If you missed Part 1, check it out.
To review: coping mechanisms (CMs) are responses. There is usually an underlying stressor that causes them.
So what should we do? We can’t control the adrenaline rush that comes with stress, but we can try to control our reactions through CMs. The first step is to recognize the stress. Recognize, then conquer.
It seems like the easiest CMs to develop are the unhealthy ones. These are the ones that don’t take as much effort, and the ones that offer instant gratification.
This is a food blog, so let’s take bingeing as an example of an unhealthy CM for stress. It’s easy, and food is pleasurable. If we can stop before the binge starts and recognize that it’s about to happen (even if it’s too hard to stop this time), that’s a start. Recognizing that it IS a binge, and not true hunger, is important. Think through the binge. How are you going to feel afterwards? Why is this happening now? What is the underlying problem? What is the real issue? What are we avoiding, and what is going on in our lives? Think, journal, and talk to someone. If the binge still happens, it happens. At least you acknowledged it.
We can use other positive CMs to replace the negative CMs. My mom likes to call these incompatible behaviors – can you binge while you’re knitting? Of course not. Can you binge while you’re walking on the treadmill? No. Know yourself, and know your hobbies. Think of things that you enjoy that you can use to replace the unhealthy behaviors.
My main causes of stress are anger and boredom. Restlessness leads to immense anxiety for me. Uncertainty is a trigger. Frustration, or struggling with something can both lead me to unhealthy CMs. You need to learn to address the underlying issue and fix it, instead of avoiding it with a (negative) CM.
So maybe you have actually attacked the underlying problem, but you’re still practicing whatever unhealthy CM that you had developed. At this point it’s probably just a habit. Habits are incredibly hard to break. But… you can use CMs to break them! (Ever read an article that says, “10 steps to break your _____ habit”? Those are usually just lists of CMs.)
I’ve been trying to evaluate my own CMs and this is what I’ve come up with: my CMs are all related and intertwined. I develop one CM (harmful or healthy), and then develop another to counter that, and then another, and another.
I think my recent boredom with yoga is coming from the fact that I’m in a completely new environment and, as an astute reader pointed out, “all of [my] routines have been disrupted. All of [my] coping mechanisms have changed. Now that [I am] in a new environment it will take a while to recover some of the old, and discover the new routines in [my] life.” Where would I be without you guys? I also loved this comment: “You may not feel it consciously, and they may all be changes for the better that you’re excited about, but your subconscious is probably feeling the anxiety all the same.” Even though I’m excited and happy for these changes, she’s absolutely right – changes (even good ones) cause anxiety for me.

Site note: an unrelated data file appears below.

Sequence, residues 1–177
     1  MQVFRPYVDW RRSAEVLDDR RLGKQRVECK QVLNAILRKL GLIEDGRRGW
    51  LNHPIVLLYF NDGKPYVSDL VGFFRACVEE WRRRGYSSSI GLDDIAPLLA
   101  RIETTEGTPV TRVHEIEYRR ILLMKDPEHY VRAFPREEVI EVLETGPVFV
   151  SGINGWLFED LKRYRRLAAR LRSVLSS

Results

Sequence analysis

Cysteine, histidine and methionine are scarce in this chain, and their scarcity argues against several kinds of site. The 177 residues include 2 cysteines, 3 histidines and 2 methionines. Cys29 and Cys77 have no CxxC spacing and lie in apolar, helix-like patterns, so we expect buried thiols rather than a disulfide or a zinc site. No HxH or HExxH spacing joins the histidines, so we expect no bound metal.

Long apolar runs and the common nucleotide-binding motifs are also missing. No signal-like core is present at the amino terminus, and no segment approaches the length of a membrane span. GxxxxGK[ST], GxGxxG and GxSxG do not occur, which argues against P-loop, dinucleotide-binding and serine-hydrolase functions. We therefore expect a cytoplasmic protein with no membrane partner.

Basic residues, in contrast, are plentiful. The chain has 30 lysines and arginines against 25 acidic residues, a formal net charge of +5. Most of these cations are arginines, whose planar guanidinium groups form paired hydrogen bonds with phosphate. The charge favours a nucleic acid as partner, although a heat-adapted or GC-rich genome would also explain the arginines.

What am I going to do about it? I’ll keep running and walking. I’ll do yoga stretches. I’ll write. I’ll read. I’ll listen to Jillian Michaels. I’ll call my mom and dad. I’ll lay in bed with Bobby and not fuss about missing my workout. I’ll keep eating my favorite foods. I’ll hug my cat. I’ll vacuum. I’ll do the laundry. I’ll dance like crazy to loud music. I’ll draw. I’ll bake. I’ll go shopping. My healthy coping mechanisms are my favorite parts of life.
(Speaking of baking and cooking – Shelby made my recipe! She’s made a few of my recipes actually. I love her blog. This girl is beautiful, creative, and inspiring!)
Yesterday’s exercise – 5.28 miles in 60 minutes. 30 minutes running (between 5.5 – 7.0 mph, 2-3%) and 30 minutes walking (3-6%). I broke it up, but I don’t remember exactly what I did. I alternated between walking and running, but did most of the running in the beginning.
Today – nothing yet! Probably a nice slow walk. And some shopping.
Need some more ideas? Here are some more suggestions from some Aardvarkers:
- “I’ve lost 100 pounds over the last 3 years. The thing that worked the best for me was having a workout and diet buddy and someone to go to for professional health questions.”
- “I think it’s important to know your limit. Know when you are stressed out and find the relief that you need – whether it be watching TV, going to a spa, or exercising.”
And a word of warning:
- “It pretty common for people to have something work for a while and then to have to try something else.”
What are your healthy Coping Mechanisms? (Optional: what are your unhealthy ones?)